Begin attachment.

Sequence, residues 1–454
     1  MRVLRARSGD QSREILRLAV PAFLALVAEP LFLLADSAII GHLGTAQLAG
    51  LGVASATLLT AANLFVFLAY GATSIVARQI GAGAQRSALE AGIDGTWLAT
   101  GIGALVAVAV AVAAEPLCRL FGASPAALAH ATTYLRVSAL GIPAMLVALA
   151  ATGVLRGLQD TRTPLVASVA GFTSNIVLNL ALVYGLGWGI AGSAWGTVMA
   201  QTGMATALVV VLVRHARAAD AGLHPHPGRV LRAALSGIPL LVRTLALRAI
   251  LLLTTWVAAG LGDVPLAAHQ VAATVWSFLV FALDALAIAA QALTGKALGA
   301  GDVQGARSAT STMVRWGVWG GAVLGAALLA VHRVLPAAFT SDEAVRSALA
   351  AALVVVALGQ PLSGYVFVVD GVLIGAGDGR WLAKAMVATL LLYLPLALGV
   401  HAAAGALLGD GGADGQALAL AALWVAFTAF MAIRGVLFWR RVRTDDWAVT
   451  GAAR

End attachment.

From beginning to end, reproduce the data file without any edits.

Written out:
Sequence, residues 1–454
     1  MRVLRARSGD QSREILRLAV PAFLALVAEP LFLLADSAII GHLGTAQLAG
    51  LGVASATLLT AANLFVFLAY GATSIVARQI GAGAQRSALE AGIDGTWLAT
   101  GIGALVAVAV AVAAEPLCRL FGASPAALAH ATTYLRVSAL GIPAMLVALA
   151  ATGVLRGLQD TRTPLVASVA GFTSNIVLNL ALVYGLGWGI AGSAWGTVMA
   201  QTGMATALVV VLVRHARAAD AGLHPHPGRV LRAALSGIPL LVRTLALRAI
   251  LLLTTWVAAG LGDVPLAAHQ VAATVWSFLV FALDALAIAA QALTGKALGA
   301  GDVQGARSAT STMVRWGVWG GAVLGAALLA VHRVLPAAFT SDEAVRSALA
   351  AALVVVALGQ PLSGYVFVVD GVLIGAGDGR WLAKAMVATL LLYLPLALGV
   401  HAAAGALLGD GGADGQALAL AALWVAFTAF MAIRGVLFWR RVRTDDWAVT
   451  GAAR